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***Official FAHRENHEIT 9/11 Review Thread - READ GUIDELINES BEFORE POSTING!***


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#1 of 14 OFFLINE   Michael Reuben

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Posted June 21 2004 - 01:37 AM

This thread is now designated the Official Review Thread for "FAHRENHEIT 9/11". All HTF member film reviews of "FAHRENHEIT 911" should be posted here.

Please post all other comments and discussion items to the Official Discussion Thread.

This thread and the Discussion thread are an experiment. We are interested in learning whether a film with such an overt political agenda can be discussed at all on the HTF, given our forum rules and posting guidelines. We will evaluate the experiment often and may terminate it at any time. The best chance for having the experiment continue is for all members to observe the following:

[c]Guidelines for Posting[/c][list=1][*]To post in this thread, you must have seen the film. If it appears from your post that you haven't seen the film, the post will be deleted.
[*]This thread is for discussing the film and its contents. The subject matter is contentious enough without branching out into collateral topics. This is not the thread for airing one's general views on Michael Moore or his prior works, nor should it be used to discourse about such topics as the upcoming November election, the worldviews of so-called "liberals" or "conservatives", or the controversy between Disney and Miramax over the film's release. Posts that do not focus on the film itself will be deleted.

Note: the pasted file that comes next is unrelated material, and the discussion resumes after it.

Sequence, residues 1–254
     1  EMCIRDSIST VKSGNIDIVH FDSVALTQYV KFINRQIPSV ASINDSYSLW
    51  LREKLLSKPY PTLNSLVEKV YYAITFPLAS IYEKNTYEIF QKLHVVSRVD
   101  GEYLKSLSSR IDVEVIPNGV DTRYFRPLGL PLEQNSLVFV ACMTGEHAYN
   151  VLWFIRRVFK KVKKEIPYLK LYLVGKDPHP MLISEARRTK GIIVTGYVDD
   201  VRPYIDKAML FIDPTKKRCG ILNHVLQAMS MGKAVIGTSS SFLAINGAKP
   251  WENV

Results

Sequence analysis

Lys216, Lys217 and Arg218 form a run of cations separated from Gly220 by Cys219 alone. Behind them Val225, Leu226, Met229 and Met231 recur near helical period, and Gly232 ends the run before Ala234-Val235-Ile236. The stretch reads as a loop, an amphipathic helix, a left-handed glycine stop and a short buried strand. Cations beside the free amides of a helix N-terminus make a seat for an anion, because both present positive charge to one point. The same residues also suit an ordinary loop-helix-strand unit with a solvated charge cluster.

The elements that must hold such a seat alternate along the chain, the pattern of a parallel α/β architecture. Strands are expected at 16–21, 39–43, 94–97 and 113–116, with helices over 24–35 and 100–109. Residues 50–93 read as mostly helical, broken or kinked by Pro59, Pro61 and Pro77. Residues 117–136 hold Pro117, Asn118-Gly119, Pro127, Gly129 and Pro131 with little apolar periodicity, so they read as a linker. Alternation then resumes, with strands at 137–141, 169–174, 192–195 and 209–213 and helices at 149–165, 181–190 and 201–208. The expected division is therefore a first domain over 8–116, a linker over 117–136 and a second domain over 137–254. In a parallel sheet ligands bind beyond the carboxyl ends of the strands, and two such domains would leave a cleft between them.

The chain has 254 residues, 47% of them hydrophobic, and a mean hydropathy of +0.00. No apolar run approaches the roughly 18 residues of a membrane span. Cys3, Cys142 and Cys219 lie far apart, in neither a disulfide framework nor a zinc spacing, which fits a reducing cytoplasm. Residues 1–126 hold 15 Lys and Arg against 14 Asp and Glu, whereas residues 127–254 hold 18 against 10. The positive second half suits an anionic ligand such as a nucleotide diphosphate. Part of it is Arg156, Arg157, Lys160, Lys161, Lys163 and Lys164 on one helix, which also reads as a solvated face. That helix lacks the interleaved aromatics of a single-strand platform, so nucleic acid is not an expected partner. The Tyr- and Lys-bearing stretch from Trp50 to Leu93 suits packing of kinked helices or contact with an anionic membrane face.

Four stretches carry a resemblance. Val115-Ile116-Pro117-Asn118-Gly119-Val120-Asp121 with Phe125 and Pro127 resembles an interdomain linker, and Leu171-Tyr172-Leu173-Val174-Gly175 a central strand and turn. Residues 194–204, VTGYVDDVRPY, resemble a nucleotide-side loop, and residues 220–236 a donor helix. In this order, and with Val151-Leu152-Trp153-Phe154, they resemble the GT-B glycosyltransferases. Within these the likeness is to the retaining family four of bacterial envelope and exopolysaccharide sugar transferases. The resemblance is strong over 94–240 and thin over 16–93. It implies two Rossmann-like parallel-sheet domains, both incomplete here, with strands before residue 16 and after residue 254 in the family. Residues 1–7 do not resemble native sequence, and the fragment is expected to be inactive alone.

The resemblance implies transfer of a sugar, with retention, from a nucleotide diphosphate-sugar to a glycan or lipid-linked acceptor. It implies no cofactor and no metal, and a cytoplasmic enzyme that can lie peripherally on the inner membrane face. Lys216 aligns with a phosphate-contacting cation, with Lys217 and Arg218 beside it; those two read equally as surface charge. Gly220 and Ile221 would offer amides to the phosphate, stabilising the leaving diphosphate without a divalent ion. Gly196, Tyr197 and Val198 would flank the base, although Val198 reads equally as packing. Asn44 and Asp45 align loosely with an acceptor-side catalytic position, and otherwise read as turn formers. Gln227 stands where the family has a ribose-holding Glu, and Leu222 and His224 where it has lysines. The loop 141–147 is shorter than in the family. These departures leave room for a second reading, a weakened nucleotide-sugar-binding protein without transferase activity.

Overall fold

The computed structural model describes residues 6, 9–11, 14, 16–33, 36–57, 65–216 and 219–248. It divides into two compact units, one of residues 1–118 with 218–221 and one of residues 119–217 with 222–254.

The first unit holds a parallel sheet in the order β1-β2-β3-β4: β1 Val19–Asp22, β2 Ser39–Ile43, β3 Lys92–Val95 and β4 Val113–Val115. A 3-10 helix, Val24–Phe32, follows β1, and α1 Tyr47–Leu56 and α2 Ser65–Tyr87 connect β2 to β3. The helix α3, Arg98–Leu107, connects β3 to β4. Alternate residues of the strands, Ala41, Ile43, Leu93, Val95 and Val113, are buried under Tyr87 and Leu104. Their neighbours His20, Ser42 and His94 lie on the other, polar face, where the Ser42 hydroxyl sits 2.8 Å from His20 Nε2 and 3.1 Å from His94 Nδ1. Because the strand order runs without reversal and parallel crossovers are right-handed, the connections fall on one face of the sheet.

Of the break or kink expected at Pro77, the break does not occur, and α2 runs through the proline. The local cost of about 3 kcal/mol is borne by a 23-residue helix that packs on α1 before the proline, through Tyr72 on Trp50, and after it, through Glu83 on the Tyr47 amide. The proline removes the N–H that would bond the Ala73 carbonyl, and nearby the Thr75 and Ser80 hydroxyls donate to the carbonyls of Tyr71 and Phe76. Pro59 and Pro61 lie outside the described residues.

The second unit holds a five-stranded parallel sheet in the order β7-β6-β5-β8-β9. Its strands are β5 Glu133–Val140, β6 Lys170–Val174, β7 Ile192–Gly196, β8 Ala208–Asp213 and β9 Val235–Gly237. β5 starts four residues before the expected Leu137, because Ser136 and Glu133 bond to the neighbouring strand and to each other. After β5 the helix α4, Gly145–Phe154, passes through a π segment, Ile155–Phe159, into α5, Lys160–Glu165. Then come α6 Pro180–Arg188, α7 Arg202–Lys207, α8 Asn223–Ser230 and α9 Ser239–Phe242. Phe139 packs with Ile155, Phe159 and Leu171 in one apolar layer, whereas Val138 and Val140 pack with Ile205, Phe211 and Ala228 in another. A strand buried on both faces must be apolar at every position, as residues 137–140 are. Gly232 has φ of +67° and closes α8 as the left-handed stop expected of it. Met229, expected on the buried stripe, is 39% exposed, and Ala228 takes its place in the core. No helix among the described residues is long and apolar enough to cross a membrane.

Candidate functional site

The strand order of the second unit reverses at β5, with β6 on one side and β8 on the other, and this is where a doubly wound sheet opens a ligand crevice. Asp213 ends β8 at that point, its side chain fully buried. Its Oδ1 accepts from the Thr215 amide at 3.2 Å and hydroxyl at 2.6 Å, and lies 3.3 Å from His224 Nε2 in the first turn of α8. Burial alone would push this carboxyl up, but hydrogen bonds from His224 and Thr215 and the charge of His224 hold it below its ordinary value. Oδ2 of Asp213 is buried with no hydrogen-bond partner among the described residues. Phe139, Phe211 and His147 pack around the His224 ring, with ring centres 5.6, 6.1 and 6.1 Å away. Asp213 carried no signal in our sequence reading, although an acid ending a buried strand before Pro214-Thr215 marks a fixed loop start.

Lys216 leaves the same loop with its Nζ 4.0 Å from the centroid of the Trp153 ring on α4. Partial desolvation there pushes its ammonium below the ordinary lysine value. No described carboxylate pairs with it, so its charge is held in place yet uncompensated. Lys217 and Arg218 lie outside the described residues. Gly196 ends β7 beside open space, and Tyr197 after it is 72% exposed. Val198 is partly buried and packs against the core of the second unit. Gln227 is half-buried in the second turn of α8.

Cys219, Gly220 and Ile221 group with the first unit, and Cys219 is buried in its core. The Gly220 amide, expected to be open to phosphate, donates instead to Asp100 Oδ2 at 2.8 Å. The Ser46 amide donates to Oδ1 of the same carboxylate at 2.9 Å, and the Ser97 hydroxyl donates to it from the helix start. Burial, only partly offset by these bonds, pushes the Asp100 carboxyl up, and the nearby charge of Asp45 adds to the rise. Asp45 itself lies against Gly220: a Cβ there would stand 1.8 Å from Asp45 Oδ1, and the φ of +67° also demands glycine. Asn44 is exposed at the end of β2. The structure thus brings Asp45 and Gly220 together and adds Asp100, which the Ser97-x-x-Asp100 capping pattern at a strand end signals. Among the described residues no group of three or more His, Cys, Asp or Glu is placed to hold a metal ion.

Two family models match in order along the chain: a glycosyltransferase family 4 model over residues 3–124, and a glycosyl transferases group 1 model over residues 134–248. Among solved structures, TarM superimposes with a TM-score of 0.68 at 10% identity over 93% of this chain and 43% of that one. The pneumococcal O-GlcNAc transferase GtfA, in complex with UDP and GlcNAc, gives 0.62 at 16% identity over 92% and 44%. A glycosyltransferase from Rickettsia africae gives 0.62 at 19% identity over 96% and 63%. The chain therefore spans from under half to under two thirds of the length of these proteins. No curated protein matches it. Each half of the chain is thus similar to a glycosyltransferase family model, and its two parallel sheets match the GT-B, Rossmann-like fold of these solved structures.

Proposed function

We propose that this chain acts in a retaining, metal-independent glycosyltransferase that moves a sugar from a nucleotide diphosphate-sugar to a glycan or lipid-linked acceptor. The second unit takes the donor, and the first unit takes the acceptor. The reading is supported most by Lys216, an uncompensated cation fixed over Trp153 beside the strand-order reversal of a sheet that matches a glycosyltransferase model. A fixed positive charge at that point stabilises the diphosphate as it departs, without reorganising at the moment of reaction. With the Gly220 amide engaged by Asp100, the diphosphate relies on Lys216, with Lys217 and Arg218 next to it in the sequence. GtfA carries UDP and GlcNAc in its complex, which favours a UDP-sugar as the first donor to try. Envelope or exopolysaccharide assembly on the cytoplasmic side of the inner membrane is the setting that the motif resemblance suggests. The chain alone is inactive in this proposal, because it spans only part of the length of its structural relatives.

[*]While we understand that the film is intended to elicit strong reactions, reasonable and mature people should be able to discuss the film -- and even disagree about it -- while still conducting themselves within the HTF rules. So use your best judgment, and think before you hit the "submit" button. If you find yourself becoming angry or agitated while composing a post, it's a good sign that the post shouldn't be submitted. Disagreement is fine; exercises in sarcasm and outrage are not, regardless of their target.
[*]The moderation of this thread will be more active than usual. We would very much like to be able to provide a platform for discussion of this film. To that end, we will not hesitate to delete posts that the HTF staff determines, in its sole discretion, to be excessively argumentative, contentious or provocative.
[*]Severe or repeated violations of these guidelines will result in removal of the offender.
[/list=1]
Thank you for your consideration in this matter.


M.

COMPLETE list of my disc reviews.       HTF Rules / 200920102011 Film Lists

#2 of 14 OFFLINE   Michael Reuben

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Posted June 21 2004 - 01:37 AM

This thread is now designated the Official Review Thread for "FAHRENHEIT 9/11". All HTF member film reviews of "FAHRENHEIT 911" should be posted here.